The Quick-Rise Trade-Off

Reader Selena wants to know if it’s possible to add more flavor to pan de muerto, i.e. make it more like a long-fermented artisan bread. Yes, Selena that’s very doable, though you’ll be changing the texture of the bread in the process. Generally long fermentation creates a denser texture with smaller holes in the crumb. The reason for that is because “wild” yeasts tend not to produce carbon dioxide with the same verve as the packaged stuff. They get the job done, mind you, but the gas bubbles they make are smaller and they take more time to develop. That’s a good thing from a flavor standpoint since enzymes and flavor-creating bacteria need time to do their thing creating sugars, alcohols and whatnot.

Mexican sweet breads are very often cottony light on the inside, a clear indication that they’ve been blown up fast with plenty of packaged yeast — FOOM! Well, not really foom, but you get the idea. The upside is you get a very tender and airy texture and the bread takes very little time to produce. The downside is of course the depth of flavor, which tends to be lacking, and which is why these breads often have some sort of flavoring agent added to them: sugar, citrus zest and/or spices.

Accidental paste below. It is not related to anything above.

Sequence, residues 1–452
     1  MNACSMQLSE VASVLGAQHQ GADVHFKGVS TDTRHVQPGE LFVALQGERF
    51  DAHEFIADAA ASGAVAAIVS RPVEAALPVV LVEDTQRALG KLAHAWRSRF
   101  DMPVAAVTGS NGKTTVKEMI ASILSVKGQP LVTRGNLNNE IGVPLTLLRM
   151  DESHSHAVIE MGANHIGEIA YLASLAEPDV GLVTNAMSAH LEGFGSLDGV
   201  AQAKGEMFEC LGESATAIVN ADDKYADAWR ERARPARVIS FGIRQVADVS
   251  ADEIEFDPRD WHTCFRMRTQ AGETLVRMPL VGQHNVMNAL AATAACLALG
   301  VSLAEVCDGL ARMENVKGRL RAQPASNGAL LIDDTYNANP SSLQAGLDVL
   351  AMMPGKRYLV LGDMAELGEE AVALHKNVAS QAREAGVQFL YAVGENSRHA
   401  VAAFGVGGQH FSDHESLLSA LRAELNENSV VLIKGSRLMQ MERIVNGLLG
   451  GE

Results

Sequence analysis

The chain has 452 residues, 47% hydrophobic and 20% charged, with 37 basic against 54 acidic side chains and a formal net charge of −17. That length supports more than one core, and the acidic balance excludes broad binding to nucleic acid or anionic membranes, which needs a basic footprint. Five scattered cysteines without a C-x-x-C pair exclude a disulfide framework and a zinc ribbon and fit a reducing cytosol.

If you’d like to add a little more artisan bread flavor to the mix you can do that by reducing the flour, milk and yeast in the recipe by 1/3 and substituting an equal weight of bread starter. That should do the trick! If not get back to me and we’ll keep talking!

2 thoughts on “The Quick-Rise Trade-Off”

  1. I did just this with your recipe when I made two pan de muertos (pans de muerto?), but before you posted this info.

    I didn’t use a starter, though. Just cut the yeast by half and gave it an overnight proofing in the fridge. It was indeed much more flavorful and less cottony on the interior than the usual Mexican bakery varieties.

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